Friday, June 19, 2015

Korach 5775, June 2015; Limits and Achievements

There's a well known old joke about a man who goes to a rabbi and demands, "Rabbi, I'll donate $1,000,000 to your synagogue if you'll make me a Kohen." The rabbi explains he can't do that. They argue back and forth. Finally the rabbi asks, in frustration, "Look, sir, why is it so important to you out of everything that I could do to teach you about your Jewish heritage that I make you a Kohen, anyway?" The man replies, "Well, my father was a Kohen, his father was a Kohen…"

It's actually a historically derivative joke. We're told that a non-Jew came to Shammai, requested that he be made a Jew, and demanded that he also be made Kohen Gadol. Shammai chased him off. The man went to Hillel and he accepted him as a student. Shammai went to Hillel and asked how he could possibly accept the man with the conditions he set, and Hillel explained that the man would begin at the very beginning of learning Torah, and as he went on he would develop understanding that G-d has set the conditions of the world and that one who is a convert simply cannot be Kohen Gadol by the nature of things.
They're all in the same group, within a couple of years of
each others' ages. But the smallest just can't reach what the
tallest can sometimes, and she's not going to win a race
against her. That's simple reality. They're still all great friends.
In this week's parsha, Korach, a great, wealthy, powerful, imposing leader among the Jewish people, demands to be made a Kohen rather than a Levi as his birth properly provided. No argument could deflect his compulsion to be other than what he was. Moshe spoke to him gently, reminding him that just as G-d had made night and day and they were separate and not equivalent or interchangeable, so the various positions of people by birth within the Jewish nation are each necessary, valuable, but not alterable (Bamidbar Rabbah, Rashi).

There were many possible good, holy reasons for the desire to be a Kohen: the opportunity to offer korbanos directly to G-d, to perform holy service, to lead the Jewish people.  However, unlike among the other nations in which there were many temples and anyone could become servants or priests within those temples, G-d had directly designated the Kohanim as his priests and the Leviyim as their servants (Bamidbar Rabbah).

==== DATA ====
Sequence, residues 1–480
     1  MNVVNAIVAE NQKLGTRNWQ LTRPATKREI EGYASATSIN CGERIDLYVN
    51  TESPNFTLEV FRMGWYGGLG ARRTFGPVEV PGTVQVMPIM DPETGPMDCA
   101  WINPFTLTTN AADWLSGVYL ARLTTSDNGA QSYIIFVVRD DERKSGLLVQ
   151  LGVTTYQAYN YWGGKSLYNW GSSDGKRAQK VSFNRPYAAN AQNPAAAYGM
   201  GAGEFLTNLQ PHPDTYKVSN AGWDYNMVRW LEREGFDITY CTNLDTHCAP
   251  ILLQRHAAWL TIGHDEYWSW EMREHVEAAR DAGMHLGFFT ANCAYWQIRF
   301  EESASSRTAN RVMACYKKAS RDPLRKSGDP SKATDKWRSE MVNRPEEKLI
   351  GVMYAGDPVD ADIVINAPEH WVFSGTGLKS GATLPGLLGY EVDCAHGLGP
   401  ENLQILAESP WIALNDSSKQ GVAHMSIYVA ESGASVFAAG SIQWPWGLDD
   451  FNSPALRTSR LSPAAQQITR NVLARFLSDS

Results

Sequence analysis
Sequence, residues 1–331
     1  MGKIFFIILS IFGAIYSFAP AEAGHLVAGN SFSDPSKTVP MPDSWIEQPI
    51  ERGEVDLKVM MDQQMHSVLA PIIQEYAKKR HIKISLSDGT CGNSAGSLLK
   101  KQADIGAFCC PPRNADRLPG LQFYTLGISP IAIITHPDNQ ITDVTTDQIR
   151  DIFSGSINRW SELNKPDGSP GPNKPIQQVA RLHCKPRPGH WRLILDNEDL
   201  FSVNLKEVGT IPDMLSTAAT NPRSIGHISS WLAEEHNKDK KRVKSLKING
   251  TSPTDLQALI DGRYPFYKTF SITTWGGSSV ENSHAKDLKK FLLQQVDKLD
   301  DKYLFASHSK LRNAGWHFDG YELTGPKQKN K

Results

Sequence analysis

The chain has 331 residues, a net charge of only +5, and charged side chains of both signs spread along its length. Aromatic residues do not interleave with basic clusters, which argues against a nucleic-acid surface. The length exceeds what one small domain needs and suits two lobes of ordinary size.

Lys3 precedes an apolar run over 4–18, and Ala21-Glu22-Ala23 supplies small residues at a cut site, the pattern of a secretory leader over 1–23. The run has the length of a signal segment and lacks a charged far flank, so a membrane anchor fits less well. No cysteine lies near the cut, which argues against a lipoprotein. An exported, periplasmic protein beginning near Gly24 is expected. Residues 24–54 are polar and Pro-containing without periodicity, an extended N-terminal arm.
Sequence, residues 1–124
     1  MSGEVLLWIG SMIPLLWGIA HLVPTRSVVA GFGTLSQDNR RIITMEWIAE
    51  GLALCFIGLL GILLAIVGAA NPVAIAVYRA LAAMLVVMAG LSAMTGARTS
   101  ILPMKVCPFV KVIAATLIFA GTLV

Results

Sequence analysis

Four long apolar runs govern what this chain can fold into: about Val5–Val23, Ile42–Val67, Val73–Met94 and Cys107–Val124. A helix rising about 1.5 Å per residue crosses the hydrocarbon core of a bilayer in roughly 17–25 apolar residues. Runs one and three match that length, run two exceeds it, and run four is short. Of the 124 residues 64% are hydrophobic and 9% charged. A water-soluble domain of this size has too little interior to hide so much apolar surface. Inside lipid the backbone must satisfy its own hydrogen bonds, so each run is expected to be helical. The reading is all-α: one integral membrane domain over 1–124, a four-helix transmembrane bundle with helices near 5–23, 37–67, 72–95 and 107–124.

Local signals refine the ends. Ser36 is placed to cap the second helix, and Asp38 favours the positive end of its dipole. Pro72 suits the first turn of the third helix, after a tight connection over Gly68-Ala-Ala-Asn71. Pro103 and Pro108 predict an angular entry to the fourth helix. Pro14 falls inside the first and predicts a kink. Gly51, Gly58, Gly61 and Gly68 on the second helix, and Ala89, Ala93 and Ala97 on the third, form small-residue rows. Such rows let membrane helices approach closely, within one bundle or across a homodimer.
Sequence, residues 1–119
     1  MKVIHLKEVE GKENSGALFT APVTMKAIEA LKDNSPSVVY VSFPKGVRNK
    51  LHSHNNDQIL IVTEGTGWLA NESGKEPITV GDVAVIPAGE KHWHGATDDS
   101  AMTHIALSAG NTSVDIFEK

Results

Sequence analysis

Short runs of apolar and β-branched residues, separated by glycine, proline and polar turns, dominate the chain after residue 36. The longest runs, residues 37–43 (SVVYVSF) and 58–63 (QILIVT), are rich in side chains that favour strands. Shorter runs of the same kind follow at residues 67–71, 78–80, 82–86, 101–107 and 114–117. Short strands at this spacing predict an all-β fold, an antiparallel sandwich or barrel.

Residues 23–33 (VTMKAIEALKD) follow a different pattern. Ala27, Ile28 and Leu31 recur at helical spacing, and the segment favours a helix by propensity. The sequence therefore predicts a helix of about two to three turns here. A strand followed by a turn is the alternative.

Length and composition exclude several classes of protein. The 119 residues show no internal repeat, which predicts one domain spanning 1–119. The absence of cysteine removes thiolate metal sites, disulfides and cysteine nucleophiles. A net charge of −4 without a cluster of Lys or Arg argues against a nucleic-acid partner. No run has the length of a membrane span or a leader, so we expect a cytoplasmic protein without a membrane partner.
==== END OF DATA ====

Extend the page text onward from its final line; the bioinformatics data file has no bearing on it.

We do all have limitations. Some of us are only ever going to be so intelligent, intellectual, wealthy, handsome. We may never have the opportunity for the learning we want. We may not be the person we wish we were.
He has significant disabilities. But he can cook
great steak for dinner and hopes to become a
world famous chef someday with his own restaurant.
He accepts he has certain limitations but still has
plans to accomplish all that's within his possibilities.
Yet there are some things we can change, and some we just cannot. When things are truly beyond our ability to alter, to affect, we must accept them and remember that everything G-d does is for the best. If we have a disability of any kind and it keeps us from performing duties or embracing opportunities we otherwise might have had open to us, there is a reason and it is not a reason we can alter intellectually or through our own devices. At the same time, we are required to do everything we can within our own abilities to perform mitzvahs, to achieve tikkun olam, to bring peace to the world. We must be all we can be, yet reconcile ourselves to being only that tiny sliver of creation which we are within G-d's complete creation. It's a very hard concept to intellectualize and to get right yet it is the key to learning who we really are and what our job in the world might be.

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